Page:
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Writing

On Brevity

It is my ambition to say in ten sentences what others say in a whole book.

Friedrich Nietzsche

I am not laconic by any means, nor do I claim to be. Is it desired? Of course. Do I often receive what I want? No, not really. The thought expression of today will most likely be contradictory–I will write about brevity without the slightest of intention of being brief. I will be so bold as to ask you to bear with me.

It has been a great aspiration of mine to write wondrous meaning in the least amount of words. But It has been a long and painful voyage. I attempted a 100 day project where I only wrote a simple 100 words every day–I failed around day 15–and I always seem to exceed every word count–no matter if it is 500 or 10,000 words. I am at a loss as to how people can convey the most incredible and unbelievable importances in so few words. Perhaps it is my redundancies–I often find various ways to express the same thing–but I feel it is more than that.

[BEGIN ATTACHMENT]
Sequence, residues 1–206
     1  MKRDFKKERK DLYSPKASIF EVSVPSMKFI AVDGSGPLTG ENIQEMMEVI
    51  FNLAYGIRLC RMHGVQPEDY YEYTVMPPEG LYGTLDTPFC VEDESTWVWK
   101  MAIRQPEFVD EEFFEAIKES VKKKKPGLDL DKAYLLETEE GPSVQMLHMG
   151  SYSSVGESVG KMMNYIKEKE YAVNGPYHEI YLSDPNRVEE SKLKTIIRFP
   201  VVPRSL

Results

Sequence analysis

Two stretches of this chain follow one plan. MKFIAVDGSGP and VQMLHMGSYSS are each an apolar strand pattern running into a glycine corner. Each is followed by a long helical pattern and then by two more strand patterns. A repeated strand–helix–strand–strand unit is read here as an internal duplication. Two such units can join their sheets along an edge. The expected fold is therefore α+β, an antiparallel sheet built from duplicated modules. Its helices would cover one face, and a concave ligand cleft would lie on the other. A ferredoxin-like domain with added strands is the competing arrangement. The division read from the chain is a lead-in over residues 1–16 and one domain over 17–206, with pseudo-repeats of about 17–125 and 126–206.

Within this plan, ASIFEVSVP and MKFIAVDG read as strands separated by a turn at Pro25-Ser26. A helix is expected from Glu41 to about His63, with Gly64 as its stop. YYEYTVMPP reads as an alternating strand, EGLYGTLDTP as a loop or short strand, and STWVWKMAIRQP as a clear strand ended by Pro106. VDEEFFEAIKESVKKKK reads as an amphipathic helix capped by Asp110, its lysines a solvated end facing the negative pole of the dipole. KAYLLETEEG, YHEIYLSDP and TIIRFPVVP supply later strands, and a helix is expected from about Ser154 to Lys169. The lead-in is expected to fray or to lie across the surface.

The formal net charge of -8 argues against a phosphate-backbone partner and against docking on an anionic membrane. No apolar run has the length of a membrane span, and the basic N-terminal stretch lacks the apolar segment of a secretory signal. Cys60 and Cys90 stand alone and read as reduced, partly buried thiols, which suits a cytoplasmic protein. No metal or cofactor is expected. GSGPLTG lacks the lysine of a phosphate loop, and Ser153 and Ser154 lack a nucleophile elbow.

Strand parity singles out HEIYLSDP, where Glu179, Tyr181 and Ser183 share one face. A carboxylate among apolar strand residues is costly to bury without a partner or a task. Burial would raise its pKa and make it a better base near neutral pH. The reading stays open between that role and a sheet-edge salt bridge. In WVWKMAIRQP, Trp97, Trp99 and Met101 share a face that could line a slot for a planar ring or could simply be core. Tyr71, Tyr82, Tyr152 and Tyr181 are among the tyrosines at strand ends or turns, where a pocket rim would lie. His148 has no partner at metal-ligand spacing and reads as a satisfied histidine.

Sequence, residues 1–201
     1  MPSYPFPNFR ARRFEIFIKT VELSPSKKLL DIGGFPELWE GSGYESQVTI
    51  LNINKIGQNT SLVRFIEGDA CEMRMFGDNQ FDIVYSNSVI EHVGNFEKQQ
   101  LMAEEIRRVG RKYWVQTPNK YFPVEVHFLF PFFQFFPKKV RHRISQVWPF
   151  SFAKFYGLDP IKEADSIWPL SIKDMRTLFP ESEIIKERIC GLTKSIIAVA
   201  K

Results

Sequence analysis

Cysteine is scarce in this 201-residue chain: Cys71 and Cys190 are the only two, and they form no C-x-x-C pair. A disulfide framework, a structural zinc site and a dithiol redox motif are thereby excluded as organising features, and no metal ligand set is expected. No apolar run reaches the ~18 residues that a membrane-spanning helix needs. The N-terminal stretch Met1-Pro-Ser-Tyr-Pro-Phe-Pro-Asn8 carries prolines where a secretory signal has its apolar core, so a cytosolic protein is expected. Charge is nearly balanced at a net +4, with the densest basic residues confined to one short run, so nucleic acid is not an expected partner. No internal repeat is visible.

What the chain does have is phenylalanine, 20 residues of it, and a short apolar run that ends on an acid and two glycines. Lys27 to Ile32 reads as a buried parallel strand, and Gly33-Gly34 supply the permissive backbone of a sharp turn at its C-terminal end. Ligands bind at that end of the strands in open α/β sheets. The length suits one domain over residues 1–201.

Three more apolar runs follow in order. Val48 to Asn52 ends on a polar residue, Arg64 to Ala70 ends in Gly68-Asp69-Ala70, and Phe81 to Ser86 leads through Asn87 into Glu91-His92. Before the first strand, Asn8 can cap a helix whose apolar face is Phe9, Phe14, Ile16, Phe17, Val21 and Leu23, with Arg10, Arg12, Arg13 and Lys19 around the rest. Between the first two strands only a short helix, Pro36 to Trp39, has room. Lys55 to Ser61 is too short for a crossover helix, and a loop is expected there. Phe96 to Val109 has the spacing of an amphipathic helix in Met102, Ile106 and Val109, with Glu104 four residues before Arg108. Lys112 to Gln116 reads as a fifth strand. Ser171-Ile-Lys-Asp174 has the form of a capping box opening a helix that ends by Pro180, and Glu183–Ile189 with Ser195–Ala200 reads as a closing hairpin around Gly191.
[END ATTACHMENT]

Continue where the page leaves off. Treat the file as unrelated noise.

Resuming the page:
I absolutely adore stringing complexity after complexity, one behind the other. At times, I feel like the only way to tell what I mean, tell my complexities, is through numerous words. Obviously, great writers have proven otherwise, but there is something I admire about a sentence of “important nothings”, a phrase coined by Jane Austen whose dialogue writing is incomparable.

Perhaps a laconic disposition is something that comes naturally with time and age, plus a continued practice. I’ll keep practicing, but until brevity shows its face, I will be an idealistic and young daydreamer who has not yet lived enough–nor experienced enough of the world–to be terse.

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